Normality study: non-diabetic versus diabetic subjects

From the total of volunteers only 53 non-diabetic and 40 diabetic subjects in the age range from 40 to 60 years were considered for a normality comparison. This selection was done since we could only draw statistically significant conclusions in this age range owing to the small number of subjects on either of the groups outside this age interval. The water content averaged over the foot sole, at the center of the big toe and at the center of the heel was obtained, these two particular areas are more prone to generate ulcers in diabetic patients. The hydration values from both feet of each volunteer were averaged.

Figure 3
figure 3

Skin hydration distribution (a) averaged over the foot sole (\(\mathrm {p}=5.90\times 10^{-4}\)), (b) at the center of the big toe (\(\mathrm {p}=4.30\times 10^{-4}\)) and (c) at the center of the heel (\(\mathrm {p}=8.70\times 10^{-6}\)) of non-diabetic (\(\mathrm {n}=53,51,51\)) and diabetic (\(\mathrm {n}=40,31,38\)) subjects, only subjects in the age range 40–60 years were considered since this is the region where there is significant population overlap in both groups, and either the toe or the heel of some subjects was excluded from the analysis for individual reasons such as previous amputation, local image occlusion owing to the presence of a bandage, etc. The box represents the middle 50% of the data, 25% of the data is below the lower bar, the middle bar represents the median and 75% of the data relies below the upper bar. The dark grey crosses indicate the outliers and the statistical significance is denoted by black stars displayed over the boxplots.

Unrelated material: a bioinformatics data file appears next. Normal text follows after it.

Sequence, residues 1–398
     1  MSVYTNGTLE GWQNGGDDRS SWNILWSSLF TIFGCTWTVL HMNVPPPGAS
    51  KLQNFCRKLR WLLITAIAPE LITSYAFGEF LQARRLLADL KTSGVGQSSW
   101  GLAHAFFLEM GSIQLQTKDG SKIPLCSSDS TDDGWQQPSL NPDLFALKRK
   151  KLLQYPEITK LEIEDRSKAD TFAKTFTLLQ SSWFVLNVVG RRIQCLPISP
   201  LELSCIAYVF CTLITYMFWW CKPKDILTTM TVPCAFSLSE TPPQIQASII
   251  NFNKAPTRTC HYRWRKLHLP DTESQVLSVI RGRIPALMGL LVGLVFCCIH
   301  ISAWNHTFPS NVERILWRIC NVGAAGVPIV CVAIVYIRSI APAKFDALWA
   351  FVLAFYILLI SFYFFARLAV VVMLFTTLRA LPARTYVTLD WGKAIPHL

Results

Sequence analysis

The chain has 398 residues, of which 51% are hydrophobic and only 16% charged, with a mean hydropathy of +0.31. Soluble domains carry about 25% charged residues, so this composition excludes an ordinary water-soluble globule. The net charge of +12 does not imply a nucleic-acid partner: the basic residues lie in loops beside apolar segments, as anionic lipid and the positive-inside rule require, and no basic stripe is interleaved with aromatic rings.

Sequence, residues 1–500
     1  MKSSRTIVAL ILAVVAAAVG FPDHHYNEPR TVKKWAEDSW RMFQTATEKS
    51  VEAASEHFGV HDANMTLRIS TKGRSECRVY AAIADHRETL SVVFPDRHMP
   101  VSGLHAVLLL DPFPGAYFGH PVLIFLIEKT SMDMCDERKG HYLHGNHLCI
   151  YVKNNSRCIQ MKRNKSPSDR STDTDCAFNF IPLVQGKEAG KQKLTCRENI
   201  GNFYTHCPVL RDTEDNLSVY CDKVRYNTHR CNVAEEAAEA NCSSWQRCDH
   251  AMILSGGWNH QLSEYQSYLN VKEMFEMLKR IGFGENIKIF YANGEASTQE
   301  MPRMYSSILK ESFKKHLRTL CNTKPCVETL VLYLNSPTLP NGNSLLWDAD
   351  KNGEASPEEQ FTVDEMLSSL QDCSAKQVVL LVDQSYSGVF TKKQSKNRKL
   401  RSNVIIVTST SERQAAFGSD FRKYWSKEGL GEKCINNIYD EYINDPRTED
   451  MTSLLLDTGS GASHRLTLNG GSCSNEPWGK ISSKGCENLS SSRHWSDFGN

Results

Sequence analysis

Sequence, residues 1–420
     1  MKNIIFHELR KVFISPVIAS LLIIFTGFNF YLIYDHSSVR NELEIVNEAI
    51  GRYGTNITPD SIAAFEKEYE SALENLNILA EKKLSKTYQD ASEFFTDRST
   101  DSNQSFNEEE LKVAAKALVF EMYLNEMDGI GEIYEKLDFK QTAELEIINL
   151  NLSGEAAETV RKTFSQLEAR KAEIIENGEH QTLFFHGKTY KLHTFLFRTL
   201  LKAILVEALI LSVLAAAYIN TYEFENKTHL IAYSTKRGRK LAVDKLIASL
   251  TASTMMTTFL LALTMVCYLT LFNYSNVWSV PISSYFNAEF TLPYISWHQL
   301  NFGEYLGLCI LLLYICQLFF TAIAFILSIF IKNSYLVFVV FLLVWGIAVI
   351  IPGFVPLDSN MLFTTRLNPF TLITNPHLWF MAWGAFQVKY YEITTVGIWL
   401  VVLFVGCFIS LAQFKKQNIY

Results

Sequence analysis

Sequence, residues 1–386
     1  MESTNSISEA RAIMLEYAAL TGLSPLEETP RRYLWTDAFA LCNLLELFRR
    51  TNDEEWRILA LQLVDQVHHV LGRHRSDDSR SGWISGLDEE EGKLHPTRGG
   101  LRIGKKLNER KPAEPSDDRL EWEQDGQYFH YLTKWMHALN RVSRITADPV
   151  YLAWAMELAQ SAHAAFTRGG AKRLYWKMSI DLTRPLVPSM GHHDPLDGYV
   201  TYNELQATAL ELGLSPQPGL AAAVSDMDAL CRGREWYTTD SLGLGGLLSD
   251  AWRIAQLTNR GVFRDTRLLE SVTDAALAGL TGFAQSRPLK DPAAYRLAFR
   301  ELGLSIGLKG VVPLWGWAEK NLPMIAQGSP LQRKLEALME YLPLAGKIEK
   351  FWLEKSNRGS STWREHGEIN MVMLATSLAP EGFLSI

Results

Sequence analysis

Figure 3 shows the hydration distribution (a) averaged over the foot sole, (b) at the center of the big toe and (c) at the center of the heel by subject group. We can see that, the hydration of the non-diabetic subjects are above the corresponding values for diabetics. The largest separation between groups is given by the hydration at the center of the heel (Fig. 3c).